Saturation intent:
Converts source space primaries to destination space while preserving hue, then uses these primaries for the source space. This fits the source space in destination space and allows for a more accurate "desaturate monitor colors" option.

clicking the "preview" checkbox will switch between normal Photoshop preview and the selected CMM conversion. Also note that Photoshop uses a table based emulation for the preview, so there may be artifacts in preview mode which aren't part of the image after calculation.
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Regards,
Oscar Rysdyk
theimagingfactory
PeterLange
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« Reply #43 on: May 25, 2006, 04:47:24 AM »
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Well, I have been busy transitioning to XCode & intel. I am still in the middle of it. Even so, here is a link to the Mac OS X CMM that is supposed to do this:

Color Clipping CMM

Oscar,

Many thanks! And yes, I’m impressed.

For the time being, I regret that I can’t follow-up due to my windowz box.

Maybe an experienced Mac user would like to fill in.

Peter

P.S.:  In case that Dennis is still around here. I’ve forwarded his question about ‘how to create a saturation mask’ to the Adobe forum, and got interesting advice so far.
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Dennis
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« Reply #44 on: May 26, 2006, 07:04:55 AM »
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P.S.:  In case that Dennis is still around here. I’ve forwarded his question about ‘how to create a saturation mask’ to the Adobe forum, and got interesting advice so far.
Oh, thanks a lot!
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Best Regards

Dennis.
Ray
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« Reply #45 on: May 26, 2006, 10:07:08 AM »
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I've steered clear of this thread because I've wasted a lot of ink and paper in the past attempting to examine the differences between Perceptual and Rel Col with out-of-gamut images.

The issue seems to be complicated by irregularities in printer/paper/ink profiles and the fact that Photoshop's out-of-gamut warning might not be reliable or accurate.

I've had a good printer for some time, the Epson 7600, which I use with good profiles (created by Bill Atkinson) and I generally use Epson Premium Lustre paper which seems to have a wide gamut (in conjunction with the ultrachrome inks).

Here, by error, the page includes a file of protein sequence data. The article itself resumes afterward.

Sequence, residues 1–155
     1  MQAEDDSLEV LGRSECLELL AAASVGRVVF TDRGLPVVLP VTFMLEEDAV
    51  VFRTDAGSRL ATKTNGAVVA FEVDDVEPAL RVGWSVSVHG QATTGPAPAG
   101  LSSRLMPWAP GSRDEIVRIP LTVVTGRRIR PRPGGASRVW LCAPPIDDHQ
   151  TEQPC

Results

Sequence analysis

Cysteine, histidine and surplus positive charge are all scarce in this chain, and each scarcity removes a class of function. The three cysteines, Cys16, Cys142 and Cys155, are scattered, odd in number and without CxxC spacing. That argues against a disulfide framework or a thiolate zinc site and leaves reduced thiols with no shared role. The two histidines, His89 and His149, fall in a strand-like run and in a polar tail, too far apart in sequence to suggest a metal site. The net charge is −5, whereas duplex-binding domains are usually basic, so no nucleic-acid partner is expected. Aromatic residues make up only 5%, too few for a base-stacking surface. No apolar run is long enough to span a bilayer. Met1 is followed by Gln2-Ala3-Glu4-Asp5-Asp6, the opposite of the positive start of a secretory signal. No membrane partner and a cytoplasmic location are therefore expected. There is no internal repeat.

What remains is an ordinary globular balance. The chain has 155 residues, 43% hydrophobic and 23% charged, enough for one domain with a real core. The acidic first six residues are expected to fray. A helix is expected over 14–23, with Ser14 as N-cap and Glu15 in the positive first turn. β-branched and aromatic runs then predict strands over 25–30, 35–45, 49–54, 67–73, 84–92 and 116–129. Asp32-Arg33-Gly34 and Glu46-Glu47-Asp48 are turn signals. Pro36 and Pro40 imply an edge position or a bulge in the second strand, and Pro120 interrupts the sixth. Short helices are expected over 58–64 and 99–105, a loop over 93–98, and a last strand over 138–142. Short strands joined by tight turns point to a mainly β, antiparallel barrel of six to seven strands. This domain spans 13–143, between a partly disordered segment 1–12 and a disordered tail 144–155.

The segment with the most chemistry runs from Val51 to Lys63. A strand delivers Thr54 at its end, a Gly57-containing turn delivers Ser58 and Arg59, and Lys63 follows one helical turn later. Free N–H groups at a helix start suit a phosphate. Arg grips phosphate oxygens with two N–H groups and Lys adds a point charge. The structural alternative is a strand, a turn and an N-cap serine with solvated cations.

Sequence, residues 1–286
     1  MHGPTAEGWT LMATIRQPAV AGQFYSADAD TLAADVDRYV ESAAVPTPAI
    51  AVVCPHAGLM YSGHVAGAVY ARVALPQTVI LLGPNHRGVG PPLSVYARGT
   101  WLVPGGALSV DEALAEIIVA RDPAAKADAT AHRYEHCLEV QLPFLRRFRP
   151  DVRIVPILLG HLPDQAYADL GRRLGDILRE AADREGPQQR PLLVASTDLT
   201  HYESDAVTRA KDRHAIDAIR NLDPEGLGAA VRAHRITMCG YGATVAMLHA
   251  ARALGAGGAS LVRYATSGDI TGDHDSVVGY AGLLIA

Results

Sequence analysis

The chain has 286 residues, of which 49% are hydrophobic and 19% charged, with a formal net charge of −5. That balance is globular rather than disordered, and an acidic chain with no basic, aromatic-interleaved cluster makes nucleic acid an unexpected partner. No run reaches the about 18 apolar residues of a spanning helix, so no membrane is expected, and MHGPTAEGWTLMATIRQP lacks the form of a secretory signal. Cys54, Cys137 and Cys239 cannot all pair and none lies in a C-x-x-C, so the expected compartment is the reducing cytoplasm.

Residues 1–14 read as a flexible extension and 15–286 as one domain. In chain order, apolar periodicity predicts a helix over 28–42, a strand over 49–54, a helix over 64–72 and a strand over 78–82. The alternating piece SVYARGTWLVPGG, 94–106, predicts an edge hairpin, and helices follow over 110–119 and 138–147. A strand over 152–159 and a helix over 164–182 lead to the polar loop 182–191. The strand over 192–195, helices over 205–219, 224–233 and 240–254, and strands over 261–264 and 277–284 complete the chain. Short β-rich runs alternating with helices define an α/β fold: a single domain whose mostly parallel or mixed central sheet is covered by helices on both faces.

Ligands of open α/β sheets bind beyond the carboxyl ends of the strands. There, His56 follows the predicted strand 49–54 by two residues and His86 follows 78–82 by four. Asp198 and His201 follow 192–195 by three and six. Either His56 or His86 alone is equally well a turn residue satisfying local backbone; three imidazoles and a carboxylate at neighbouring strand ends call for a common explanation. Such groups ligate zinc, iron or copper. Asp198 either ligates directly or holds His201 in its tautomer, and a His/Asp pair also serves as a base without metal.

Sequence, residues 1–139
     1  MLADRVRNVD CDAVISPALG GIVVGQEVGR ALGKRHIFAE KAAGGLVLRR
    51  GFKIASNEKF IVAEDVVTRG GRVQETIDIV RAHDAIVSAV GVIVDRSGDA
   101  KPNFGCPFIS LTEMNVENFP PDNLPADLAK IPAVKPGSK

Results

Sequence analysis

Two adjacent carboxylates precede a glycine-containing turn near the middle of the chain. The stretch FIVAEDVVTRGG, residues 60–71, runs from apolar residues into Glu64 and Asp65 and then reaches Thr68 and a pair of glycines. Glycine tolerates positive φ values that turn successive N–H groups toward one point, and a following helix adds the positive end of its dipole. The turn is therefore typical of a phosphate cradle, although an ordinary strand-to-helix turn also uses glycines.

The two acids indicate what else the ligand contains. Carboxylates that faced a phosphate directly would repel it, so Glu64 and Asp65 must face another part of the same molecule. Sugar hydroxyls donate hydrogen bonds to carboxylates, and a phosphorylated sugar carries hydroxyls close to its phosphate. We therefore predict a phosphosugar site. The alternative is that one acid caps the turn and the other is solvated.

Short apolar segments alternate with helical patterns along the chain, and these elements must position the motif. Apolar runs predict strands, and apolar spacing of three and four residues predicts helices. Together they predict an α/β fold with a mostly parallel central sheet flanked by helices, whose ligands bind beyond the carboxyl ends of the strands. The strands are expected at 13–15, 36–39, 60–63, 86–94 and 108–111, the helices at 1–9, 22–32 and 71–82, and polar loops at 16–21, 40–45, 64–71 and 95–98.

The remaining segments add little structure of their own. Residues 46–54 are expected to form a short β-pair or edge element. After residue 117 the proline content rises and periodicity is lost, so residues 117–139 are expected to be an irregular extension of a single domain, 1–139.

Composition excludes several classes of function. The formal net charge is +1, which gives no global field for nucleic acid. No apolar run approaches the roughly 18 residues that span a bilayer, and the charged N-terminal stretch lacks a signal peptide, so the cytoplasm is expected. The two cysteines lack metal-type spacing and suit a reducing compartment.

My monitor is of course calibrated, but I find when I'm adjusting an image for printing, it's prudent to check how the rendering intents in proof setup affect the image, before I print. It's so easy to get into the habit that 'perceptual' or 'rel col' is always right or the best. With some images I've found that 'Absolute Col' produces better results, and a few images even "saturation' intent.

Generally, I find that 'perceptual' produces better shadow detail. I tend to do all editing of an image with 'proof colors' ticked. I can't be bothered with numerous layers which can astronomically add to the file size. Keep it simple is my motto   .
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Eric Myrvaagnes
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« Reply #46 on: May 26, 2006, 02:50:48 PM »
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I can't be bothered with numerous layers which can astronomically add to the file size. Keep it simple is my motto   .
[a href=\"index.php?act=findpost&pid=66635\"][{POST_SNAPBACK}][/a]

Ray,

I'm gratified to learn that I'm not the only one here who doesn't feel that an image isn't "Art" unless it has at least 17 layers!

Eric
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-Eric Myrvaagnes

http://myrvaagnes.com  Visit my website. New images each season.
skid00skid00
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« Reply #47 on: May 26, 2006, 10:07:05 PM »
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Well, tonight I processed some hugely saturated purple, light purple, blue, deep maroon, and yellow pansies (errrr, that's an image...).

In soft-proofing, I found that my i1 printer profile actually produces different results between RC, Perc, Sat, and Abs. Col.  And for this image, Abs. Col. produced the best-looking print on Prem. Glossy Photo Paper (on an Epson R1800).  Yes, some of the subtle shading within a single flower petal was lost, but the overall effect was one of much brighter, more saturated flowers-which is closer to the real thing.

What a surprise for me...Abs. Col!  =:-O

FYI...